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Salient. An Organ of Student Opinion at Victoria College, Wellington, N.Z. Vol. 2, No. 15. July 26, 1939

Which is the Truth?

Which is the Truth?

The subject of the articles below is a well-debated one, and in view of its relative importance "Salient" has decided to publish them. They are offered without further comment.

Dear "Salient,"—Russia has done many dubious things, but it takes Mr. Witheford to accuse her of sharing equally with Britain in the Munich Agreement.

The undisputed facts are that Mr. Chamberlain was the prime mover in the organisation of the concessions which meant the dismemberment of Czechoslovakia. There is much evidence to show that some action of the kind was contemplated long before September 30th.

Russia did not desert Czechoslovakia. The Czech government never appealed to Russia for help. Russia had no part at all in either the planning or the signing or the carrying out of the Munich Agreement. The terms of the alliance stated that the U.S.S.R. was to come to the help of Czechoslovakia if France did so, too. The Russian government repeatedly declared their determination to fulfil these obligations. Large forces were mobilised and held in readiness. (There were headlines "3,000,000 men near Russian frontier.") The air force could have been immediately useful. Some Czech authorities also say that Russia was willing to help even without France, as a part of her obligations as a League member if Czechoslovakia was attacked. But when Daladier joined with Chamberlain in forcing the Munich Agreement on the Czechs, the Czech government was forced to yield without attempting to fight.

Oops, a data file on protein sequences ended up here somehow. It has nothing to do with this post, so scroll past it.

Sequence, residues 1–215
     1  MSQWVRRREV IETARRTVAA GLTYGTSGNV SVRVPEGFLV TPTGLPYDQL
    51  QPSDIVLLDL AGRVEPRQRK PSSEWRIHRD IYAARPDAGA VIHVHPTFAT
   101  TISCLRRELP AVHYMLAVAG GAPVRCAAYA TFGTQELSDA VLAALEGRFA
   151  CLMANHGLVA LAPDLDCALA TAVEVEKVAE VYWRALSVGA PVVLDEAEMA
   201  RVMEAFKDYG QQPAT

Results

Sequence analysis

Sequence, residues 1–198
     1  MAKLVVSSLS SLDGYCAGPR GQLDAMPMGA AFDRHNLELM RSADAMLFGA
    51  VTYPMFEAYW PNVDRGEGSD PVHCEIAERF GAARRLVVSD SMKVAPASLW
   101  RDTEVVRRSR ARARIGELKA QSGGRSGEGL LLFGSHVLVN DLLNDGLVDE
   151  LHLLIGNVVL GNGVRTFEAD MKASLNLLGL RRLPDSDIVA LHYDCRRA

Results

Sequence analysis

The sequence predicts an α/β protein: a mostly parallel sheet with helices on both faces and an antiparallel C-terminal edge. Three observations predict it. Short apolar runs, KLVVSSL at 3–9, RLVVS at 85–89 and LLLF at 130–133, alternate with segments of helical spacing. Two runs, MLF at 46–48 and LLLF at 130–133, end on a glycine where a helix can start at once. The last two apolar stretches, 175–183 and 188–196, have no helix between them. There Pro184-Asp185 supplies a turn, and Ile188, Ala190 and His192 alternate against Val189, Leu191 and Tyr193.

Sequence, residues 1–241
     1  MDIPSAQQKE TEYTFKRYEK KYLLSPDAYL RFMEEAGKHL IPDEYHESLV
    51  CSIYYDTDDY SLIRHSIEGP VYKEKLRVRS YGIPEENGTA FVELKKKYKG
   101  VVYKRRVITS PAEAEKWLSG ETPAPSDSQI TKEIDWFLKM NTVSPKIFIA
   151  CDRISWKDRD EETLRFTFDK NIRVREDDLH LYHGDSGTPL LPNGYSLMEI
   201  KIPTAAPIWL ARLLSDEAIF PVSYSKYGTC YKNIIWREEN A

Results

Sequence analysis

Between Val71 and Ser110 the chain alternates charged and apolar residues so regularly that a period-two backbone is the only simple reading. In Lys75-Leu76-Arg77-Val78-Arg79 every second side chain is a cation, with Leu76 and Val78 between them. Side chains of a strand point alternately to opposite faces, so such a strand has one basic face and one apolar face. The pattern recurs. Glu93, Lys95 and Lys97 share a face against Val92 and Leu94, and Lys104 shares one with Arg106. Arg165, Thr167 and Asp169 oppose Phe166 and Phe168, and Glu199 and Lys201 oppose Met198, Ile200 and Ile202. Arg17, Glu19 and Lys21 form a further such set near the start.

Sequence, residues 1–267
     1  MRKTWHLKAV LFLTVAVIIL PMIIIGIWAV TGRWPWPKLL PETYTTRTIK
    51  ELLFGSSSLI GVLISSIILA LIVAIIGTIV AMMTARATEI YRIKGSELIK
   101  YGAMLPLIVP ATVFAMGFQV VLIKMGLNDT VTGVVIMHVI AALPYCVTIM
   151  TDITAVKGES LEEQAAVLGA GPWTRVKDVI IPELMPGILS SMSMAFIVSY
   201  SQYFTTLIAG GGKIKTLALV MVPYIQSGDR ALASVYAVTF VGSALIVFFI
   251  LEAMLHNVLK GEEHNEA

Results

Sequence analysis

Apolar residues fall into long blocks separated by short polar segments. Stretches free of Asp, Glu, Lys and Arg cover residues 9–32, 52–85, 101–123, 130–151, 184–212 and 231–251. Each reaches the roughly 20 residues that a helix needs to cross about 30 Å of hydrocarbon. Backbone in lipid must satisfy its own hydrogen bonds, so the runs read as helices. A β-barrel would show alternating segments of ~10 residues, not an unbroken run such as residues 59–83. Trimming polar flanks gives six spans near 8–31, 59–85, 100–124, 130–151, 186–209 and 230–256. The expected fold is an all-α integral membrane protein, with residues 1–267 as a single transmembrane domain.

(The Czech official report of the Agreement says that when the British representatives' attention had been called "to the consequences of such a plan from the internal political economic and financial aspect." the reply was. "If you do not accept, you will have to settle your affairs with the Germans absolutely alone. Perhaps the French may tell you this more gently, but you can believe me that they share our (i.e., the British) views.")